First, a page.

In the eyes of many people the media is still characterized in Kipling’s memorable phrase as exercising ‘power without responsibility: the prerogative of the harlot throughout the ages.’ And the same jaded people cannot view the letters PR without thinking of the word ‘spin’. While this may most noticeably be applied to newspapers, such attitudes are present in a more dilute form in the world of trade publishing where the problem is somewhat complicated by the presence of a large number of magazines who will print any old rubbish they are given, so long as someone’s paying for it, and whether it’s of any use or interest to their readers or not.
Journalists and PR people have always had an ambivalent relationship. They are mutually dependent but distrustful. To oversimplify, many journalists view PRs as an unnecessary third party between them and the people to whom they really want to talk. PRs may also be out to spin a story on behalf of their clients, so what the journalist reports may not be entirely accurate or only tell part of the story. PRs, on the other hand, can resent the suspicion with which they are regarded by journalists and can be disappointed when what finally appears in print is not quite what they (or their client) expects.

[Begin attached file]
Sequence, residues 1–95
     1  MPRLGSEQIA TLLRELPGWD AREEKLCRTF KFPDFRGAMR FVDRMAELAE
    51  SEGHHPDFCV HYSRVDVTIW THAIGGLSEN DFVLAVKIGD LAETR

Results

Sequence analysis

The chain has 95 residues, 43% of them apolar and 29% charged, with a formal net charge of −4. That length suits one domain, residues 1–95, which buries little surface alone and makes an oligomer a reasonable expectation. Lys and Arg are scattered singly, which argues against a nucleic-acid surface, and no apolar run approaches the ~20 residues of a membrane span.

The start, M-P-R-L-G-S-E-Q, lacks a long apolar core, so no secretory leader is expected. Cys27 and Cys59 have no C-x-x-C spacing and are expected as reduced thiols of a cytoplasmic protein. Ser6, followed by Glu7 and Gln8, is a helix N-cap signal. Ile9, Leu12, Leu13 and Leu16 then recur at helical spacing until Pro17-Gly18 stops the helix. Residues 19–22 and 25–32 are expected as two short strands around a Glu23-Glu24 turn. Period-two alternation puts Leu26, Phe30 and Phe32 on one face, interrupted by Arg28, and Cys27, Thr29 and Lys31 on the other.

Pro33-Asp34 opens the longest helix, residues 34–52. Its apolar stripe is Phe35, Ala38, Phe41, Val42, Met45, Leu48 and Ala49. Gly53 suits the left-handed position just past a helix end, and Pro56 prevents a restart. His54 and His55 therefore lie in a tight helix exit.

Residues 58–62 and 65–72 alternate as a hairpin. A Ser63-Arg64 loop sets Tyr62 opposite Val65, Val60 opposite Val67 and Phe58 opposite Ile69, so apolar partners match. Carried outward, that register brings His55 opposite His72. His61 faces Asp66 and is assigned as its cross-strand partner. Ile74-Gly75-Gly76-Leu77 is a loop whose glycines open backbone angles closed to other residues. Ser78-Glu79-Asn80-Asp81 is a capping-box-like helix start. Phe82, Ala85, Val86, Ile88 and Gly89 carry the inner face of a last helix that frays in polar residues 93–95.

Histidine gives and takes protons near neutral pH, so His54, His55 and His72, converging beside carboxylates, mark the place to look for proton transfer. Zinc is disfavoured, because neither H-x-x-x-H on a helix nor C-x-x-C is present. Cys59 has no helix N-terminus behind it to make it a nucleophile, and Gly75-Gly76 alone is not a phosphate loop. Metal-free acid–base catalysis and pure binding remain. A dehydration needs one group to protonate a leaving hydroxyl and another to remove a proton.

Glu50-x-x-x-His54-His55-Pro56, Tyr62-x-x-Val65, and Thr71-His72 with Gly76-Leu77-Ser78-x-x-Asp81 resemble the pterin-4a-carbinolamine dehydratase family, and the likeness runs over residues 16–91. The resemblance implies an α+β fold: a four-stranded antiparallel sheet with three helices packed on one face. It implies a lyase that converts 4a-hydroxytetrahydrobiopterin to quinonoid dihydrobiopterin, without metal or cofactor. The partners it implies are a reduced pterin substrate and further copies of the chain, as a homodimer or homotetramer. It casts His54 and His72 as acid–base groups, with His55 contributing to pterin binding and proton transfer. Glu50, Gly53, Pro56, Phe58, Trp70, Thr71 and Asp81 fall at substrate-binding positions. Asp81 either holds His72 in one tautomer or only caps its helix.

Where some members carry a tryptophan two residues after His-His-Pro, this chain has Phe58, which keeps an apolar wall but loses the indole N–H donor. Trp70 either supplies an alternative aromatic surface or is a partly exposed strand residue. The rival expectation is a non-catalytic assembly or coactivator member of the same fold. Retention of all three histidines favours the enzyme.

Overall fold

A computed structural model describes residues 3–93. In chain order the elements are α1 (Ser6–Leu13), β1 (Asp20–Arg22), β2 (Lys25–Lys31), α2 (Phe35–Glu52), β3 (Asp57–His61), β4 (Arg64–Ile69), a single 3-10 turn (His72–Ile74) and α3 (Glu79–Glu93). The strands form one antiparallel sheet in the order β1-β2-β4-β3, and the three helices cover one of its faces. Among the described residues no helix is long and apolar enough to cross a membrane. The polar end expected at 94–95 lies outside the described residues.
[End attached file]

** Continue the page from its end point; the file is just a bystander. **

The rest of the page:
These are the day-to-day forces that tug at the interdependent relationship between the two sides The Institute of Public Relations has estimated that over 80 per cent of what appears on the business pages of the newspapers is generated or influenced by the activities of PR people. The figure is proportionately higher in trade journals. The IPR also reports that nearly three-quarters of all PR activity is devoted to the marketing of products and services. Here it is the role of the public relations person to ensure that his or her client and their products and services are presented in the best possible light. Journalists spend hours ploughing through a snowstorm of press information they know has been sent to dozens or hundreds of other magazines and then have to field the inevitable follow-up calls from PRs asking whether they will be using the information. This does not endear the public relations profession to the media.